Frogs and salamanders in Yellowstone Park – 10/29/2008

  • December 13, 2013 at 5:05 pm #1776

    Something killing frogs and salamanders in Yellowstone Park
    from “ammmjm”

    Global Warming Is Killing Frogs And Salamanders In Yellowstone Park,
    Researchers Say

    Or is it geoengineering, chemtrails, spraying toxic metals into our atmosphere? — MC

    ScienceDaily (Oct. 29, 2008) — Frogs and salamanders, those amphibious
    bellwethers of environmental danger, are being killed in Yellowstone
    National Park. The predator, Stanford researchers say, is global warming.

    Biology graduate student Sarah McMenamin spent three summers in a
    remote area of the park searching for frogs and salamanders in ponds
    that had been surveyed 15 years ago. Almost everywhere she looked, she
    found a catastrophic decrease in the population.

    The amphibians need the ponds for their young to hatch, but high
    temperatures and drought are drying up the water. The frogs and
    salamanders lay eggs that have a gelatinous outer layer—basically
    “jelly eggs,” McMenamin says—that leaves them completely unsuitable
    for gestation on land. If the ponds dry up, so do the eggs. “If there
    isn’t any water, then the animals simply don’t breed,” she said.

    Biology Associate Professor Elizabeth Hadly, McMenamin’s graduate
    adviser and co-author of a research paper published this week on the
    website of the Proceedings of the National Academy of Sciences, has
    worked in Yellowstone since 1981 and has witnessed the ponds going
    dry. “They’re just blinking off,” she said. “It’s depressing.”

    “Precipitous declines of purportedly unthreatened amphibians in the
    world’s oldest nature reserve indicate that the ecological effects of
    global warming are even more profound and are happening more rapidly
    than previously anticipated,” the researchers wrote.

    The disappearing ponds lie in picturesque northern Yellowstone,
    specifically the lower Lamar Valley, which holds dozens of small
    fishless ponds where the habitat has been ideal for the breeding and
    larval development of blotched tiger salamanders, boreal chorus frogs
    and Colombia spotted frogs. As the world’s first national park, it is
    one of the most environmentally protected areas in the world.

    The researchers studied climate and water records going back a
    century, ranging from handwritten logs of water flow in the Lamar
    River to satellite imagery, and could find no cause for the drying
    ponds other than a persistent change in temperature and precipitation.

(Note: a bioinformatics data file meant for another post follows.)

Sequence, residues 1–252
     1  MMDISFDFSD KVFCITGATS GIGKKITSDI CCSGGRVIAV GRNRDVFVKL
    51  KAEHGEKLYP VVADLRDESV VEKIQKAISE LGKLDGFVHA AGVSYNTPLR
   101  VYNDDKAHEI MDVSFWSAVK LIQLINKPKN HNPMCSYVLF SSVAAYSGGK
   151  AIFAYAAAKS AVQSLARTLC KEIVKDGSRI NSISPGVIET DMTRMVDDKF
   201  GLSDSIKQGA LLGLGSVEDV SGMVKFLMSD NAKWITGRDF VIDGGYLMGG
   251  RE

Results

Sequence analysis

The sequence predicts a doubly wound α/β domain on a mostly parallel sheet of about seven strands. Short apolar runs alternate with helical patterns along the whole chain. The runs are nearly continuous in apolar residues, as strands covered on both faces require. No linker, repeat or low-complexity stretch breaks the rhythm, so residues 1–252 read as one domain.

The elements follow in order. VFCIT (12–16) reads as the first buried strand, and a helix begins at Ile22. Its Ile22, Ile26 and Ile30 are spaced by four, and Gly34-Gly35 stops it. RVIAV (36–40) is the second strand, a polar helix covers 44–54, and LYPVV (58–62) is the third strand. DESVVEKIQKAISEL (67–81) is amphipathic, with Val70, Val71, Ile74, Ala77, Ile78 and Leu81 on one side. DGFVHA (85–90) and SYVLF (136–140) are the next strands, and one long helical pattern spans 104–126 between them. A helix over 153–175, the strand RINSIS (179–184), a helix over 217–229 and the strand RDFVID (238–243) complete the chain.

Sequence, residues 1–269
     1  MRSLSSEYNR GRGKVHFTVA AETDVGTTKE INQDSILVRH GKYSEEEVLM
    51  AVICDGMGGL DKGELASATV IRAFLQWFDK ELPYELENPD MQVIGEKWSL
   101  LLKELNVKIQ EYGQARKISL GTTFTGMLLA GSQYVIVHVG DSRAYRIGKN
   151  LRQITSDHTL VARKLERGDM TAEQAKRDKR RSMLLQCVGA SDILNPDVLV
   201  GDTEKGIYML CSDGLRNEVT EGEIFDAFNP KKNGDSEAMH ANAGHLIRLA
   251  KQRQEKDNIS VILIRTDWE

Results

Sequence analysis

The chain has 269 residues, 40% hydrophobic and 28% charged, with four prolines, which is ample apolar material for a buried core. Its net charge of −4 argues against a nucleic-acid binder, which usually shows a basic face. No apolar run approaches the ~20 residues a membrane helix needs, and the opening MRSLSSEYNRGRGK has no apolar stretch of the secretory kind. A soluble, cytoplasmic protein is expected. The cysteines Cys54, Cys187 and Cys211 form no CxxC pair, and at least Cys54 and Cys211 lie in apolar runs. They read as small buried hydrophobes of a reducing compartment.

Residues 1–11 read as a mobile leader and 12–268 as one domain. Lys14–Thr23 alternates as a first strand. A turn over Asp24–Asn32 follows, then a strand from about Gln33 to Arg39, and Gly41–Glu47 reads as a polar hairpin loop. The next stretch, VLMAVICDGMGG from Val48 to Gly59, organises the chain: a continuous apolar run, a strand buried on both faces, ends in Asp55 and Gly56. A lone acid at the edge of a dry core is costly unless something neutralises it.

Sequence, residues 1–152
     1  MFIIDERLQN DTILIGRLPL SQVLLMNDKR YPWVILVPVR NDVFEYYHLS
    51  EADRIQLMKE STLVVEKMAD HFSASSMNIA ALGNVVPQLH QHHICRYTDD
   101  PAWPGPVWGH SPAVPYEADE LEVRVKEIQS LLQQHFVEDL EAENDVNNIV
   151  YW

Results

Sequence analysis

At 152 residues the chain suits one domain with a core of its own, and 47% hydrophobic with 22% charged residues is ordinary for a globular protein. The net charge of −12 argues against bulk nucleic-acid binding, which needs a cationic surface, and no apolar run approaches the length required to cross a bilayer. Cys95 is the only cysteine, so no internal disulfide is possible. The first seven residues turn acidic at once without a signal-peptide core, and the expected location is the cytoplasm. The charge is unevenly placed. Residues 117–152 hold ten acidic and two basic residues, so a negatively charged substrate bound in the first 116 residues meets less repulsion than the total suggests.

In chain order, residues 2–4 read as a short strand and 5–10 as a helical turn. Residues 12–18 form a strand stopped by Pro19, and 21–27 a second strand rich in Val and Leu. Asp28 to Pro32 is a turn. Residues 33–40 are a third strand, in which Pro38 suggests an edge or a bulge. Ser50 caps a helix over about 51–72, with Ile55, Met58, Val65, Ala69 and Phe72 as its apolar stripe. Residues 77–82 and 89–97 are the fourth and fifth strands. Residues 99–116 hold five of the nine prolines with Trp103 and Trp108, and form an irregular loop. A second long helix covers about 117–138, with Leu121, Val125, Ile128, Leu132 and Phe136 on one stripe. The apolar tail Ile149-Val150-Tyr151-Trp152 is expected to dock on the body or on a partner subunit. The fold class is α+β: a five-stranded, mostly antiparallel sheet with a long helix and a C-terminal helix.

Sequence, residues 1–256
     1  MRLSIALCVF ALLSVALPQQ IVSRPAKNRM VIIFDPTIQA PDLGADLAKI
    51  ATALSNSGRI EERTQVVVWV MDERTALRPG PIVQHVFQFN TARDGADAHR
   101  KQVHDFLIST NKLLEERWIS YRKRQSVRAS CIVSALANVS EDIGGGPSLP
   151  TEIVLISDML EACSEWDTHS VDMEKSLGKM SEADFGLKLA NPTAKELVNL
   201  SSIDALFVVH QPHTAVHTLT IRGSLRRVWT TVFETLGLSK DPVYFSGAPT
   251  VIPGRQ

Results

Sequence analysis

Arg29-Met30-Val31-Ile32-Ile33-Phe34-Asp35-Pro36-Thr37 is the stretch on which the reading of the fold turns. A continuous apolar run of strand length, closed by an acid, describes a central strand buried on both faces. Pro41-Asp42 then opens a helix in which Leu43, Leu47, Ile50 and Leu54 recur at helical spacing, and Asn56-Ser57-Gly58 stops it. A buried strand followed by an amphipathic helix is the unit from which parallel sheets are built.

“It’s the cumulative effects of climate,” Hadly said.

    During the summers of 2006 through 2008, McMenamin, wearing hip waders
    and carrying a dip net, cataloged the amphibian life—or lack
    thereof—in and around 42 ponds that had been surveyed in 1992-1993. In
    that earlier survey, involving 46 ponds, 43 supported amphibian
    populations for at least one of the two years. But in the recent
    inspection, only 38 of those same ponds even contained water in summer.

    In their fieldwork, the researchers were able to visit 31 of the 38
    wet ponds (the remainder were off limits, to protect nesting trumpeter
    swans). Only 21 of them supported amphibian populations for even one
    of the three years they were checked, 2006-2008. In 15 years the
    number of ponds with frogs and salamanders had dropped drastically.

    “That’s when we really got alarmed, because the data just showed such
    a huge difference,” Hadly said.

    Historically, the ponds—as small as backyard fish ponds, as large as
    small lakes—have been recharged during the summer by the groundwater
    in the soil. But the water table is dropping, the researchers say, as
    human-induced climate change produces a deadly combination of higher
    temperatures and less rain and snow. Moreover, the seasonal wetlands
    near the ponds, usually ideal amphibian habitat, are evaporating
    earlier in the spring, the result of an earlier snowmelt.

    During the course of their study, the researchers witnessed the loss
    of four amphibian communities because of pond drying. Each event left
    hundreds of dried tiger salamander corpses behind. The ponds had dried
    rapidly, over just a few days, too fast for larvae to metamorphose and
    adults to migrate.

    “Everybody can identify with the loss of glaciers, but in Yellowstone
    the decrease in lakes and ponds and wetlands has been astounding,”
    John Varley, the former chief scientist for Yellowstone, told New
    West. “What were considered permanent bodies of water, meaning
    reference was given to them in the 1850s, ’60s and ’70s, and bestowed
    with a name as a lake, are now gone. Some wetlands that were
    considered permanent ponds are no longer there. Some lakes have become

    The problem is not going to go away, McMenamin said. “It’s extremely
    depressing and there aren’t any evident solutions that come to mind.
    It’s a symptom of a much, much larger problem.”



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